Friday, November 20, 2009

Millet: Not Just for Birds

"Take wheat and barley, beans and lentils, millet and spelt; put them in a storage jar and use them to make bread for yourself. You are to eat it during the 390 days you lie on your side." Ezekiel 4:9 - NIV

Here’s another pseudo-grain you can add to your list of super foods. It’s one of the oldest grains that has existed for thousands of years and was even mentioned in the Bible as the prophet’s bread. Oh millet, where have you been all my life?

This mustard seed-like grain is high in protein (higher than brown rice) and low in starch and they are perfect for the digestive system including the stomach and pancreas particularly the spleen organ, which is our energy battery. Millet is the only alkaline grain which counteracts acidity in the body. Just like quinoa, millet is great in cleansing the body while providing easy assimilated minerals that most people lack.

Millet is also high in silicon which benefits your hair, skin, nails, teeth and eye health. It’s absolutely a beauty grain. And if you’re suffering from arthritis and osteoporosis, it means that you’re body is highly acidic. Millet is high in alkaline minerals potassium and magnesium which supports the health of your bones, joints and ligaments. The magnesium content also eases menstrual discomfort and headaches, lowers high blood pressure and may even prevent gallstones in women.

Since millet has anti-fungal properties, it is the best grain to use for Candida albicans overgrowth. When you’re suffering from Candida, you need to avoid foods that are high in sugars and millet is low in starch (hence sugar), which is just perfect. Another thing that millet is good for is balancing blood glucose for diabetics and is excellent for the immune system as millet is the least allergenic of the grains.

There’s also a concern about millet and goitrogen. Goitrogen is a substance that prevents iodine to be absorbed in the body and is thus avoided with people who have thyroid problems. This problem only occurs if you eat huge quantity of millet and other foods that contain goitrogen. Although cooking them removes some of it, most doctors would advice patients to avoid foods high in goitrogen. In my opinion, eating a variety of whole foods will ensure that you’re getting the right nutrients (and that includes iodine). So there is no need to worry about eating them; just don’t eat them in industrial amounts. You can also soak the millet overnight. However, if you have a serious case of any particular thyroid disease, please proceed with caution and always consult your doctor.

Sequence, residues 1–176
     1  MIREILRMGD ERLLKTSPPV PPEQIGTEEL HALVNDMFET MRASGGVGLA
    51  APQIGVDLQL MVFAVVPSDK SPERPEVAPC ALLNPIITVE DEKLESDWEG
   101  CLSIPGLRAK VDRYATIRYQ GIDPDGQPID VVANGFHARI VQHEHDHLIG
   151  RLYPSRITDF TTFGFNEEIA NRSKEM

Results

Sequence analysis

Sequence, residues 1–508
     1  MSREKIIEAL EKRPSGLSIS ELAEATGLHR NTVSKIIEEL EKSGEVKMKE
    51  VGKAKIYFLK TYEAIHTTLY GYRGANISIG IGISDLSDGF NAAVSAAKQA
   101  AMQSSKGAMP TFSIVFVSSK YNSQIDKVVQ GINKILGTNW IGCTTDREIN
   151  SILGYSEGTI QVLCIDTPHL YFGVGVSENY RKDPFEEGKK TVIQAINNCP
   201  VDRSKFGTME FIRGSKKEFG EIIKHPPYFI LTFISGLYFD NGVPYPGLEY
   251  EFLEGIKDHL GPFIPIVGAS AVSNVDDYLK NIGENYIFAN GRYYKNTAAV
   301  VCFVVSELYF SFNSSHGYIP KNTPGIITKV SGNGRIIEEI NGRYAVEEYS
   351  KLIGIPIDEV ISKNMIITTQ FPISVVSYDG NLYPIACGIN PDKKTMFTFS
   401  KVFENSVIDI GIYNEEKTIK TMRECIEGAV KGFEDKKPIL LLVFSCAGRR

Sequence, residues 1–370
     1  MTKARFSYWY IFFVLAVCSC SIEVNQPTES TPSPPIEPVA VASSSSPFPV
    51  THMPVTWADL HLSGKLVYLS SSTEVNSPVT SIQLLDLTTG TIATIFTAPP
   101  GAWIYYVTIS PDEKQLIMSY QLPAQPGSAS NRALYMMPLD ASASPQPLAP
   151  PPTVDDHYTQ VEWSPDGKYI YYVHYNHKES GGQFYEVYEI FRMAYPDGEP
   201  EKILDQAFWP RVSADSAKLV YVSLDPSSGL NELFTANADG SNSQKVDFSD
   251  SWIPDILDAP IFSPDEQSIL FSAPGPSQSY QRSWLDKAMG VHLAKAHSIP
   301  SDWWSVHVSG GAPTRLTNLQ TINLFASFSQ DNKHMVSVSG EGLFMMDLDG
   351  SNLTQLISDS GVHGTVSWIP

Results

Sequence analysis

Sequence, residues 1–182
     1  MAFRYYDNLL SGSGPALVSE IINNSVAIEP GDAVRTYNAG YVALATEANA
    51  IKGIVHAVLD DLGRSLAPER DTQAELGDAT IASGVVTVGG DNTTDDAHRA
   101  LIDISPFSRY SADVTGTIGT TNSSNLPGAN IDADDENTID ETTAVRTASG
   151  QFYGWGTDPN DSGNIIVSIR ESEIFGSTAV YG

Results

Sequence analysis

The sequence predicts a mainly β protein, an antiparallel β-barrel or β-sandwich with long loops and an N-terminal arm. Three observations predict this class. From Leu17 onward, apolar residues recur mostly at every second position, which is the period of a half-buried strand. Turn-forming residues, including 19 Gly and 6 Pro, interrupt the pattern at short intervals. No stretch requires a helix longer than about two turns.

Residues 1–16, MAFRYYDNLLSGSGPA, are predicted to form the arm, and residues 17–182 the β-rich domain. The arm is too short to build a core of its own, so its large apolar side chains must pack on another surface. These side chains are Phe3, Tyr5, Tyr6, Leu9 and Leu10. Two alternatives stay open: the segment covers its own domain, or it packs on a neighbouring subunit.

Cooking millet is like cooking other types of grains. I like to toast them first in a little bit of oil with chopped garlic or shallots before adding the hot water or stock and then simmer until they’re cook.

Honestly, I still like quinoa more than millet but millet is cheaper than quinoa, which means I would need to appreciate millet more. I think I will.

Just in case you're wondering, the black specks are the black cardamom. :)

Basic Millet

Makes about 4-5 cups

2 -3 cups water, chicken or vegetable stock (please see note)
2 cloves garlic
1 tbsp extra light olive oil or unsalted butter
1 cup whole millet

Optional Spices:
½ tsp unrefined sea salt
½ tsp ground turmeric
½ tsp Thai saffron
2 black cardamom pods (removed from its shell)

Bring the stock or water to a simmer. Then peel and finely chop the garlic.

Place a heavy-bottomed pot or large pan with a lid over medium high heat. Add the oil/butter and millet and toast, stirring constantly until the millet starts to pop and jump around. Then add the chop garlic until fragrant. Be sure the millet doesn’t burn. If it does, simple remove the pot and lower the heat slightly, stirring constantly to cool.

Then slowly add the stock or water, salt and the optional spice. Bring to boil and reduce the heat immediately. Simmer until all the liquids have been absorbed, about 20-25 minutes. Remove from the heat and place a tea towel under the lid to absorb any steam for about 5 minutes. Fluff immediately with a fork and serve as a side dish.


Gluten-Free; Vegan (if vegetable stock is used)

The amount of water per cup of millet:
2 cups for water - slightly crunchy;

2-1/4 to 2-1/2 water - light and fluffy

3 cups water – soft and almost mushy

If you chose not to toast your millet, rinse them in water and drain. It’s quite possible if you don’t do either of the two, the outside of the grain will turn to mush before the insides are cook enough to lose their crunch.

When the millet is hot, the grains are quite sticky but when they have cooled down, they will separate.

You can also soak the millet for a few hours before cooking or sprouting if you’re worried about the phytic acid (a phytonutrient) and phytates (the salt of phytic acid). But sometimes both of them are beneficial. They are neither good nor bad. It depends on when you have them. If you consume them as part of your meal, their effect is negative by removing key nutrients from the meal that you’re consuming. But if you have it as a supplement, separate from the meal, they are quite beneficial working as an antioxidant in the colon without sacrificing the nutrients in the foods you eat. Also, their phytic acid mineral binding properties are helpful in removing excess minerals such as iron (too much can increase the risk of heart disease and colon cancer) from our body and even a small phytic acid can help reduce harmful iron absorption by half.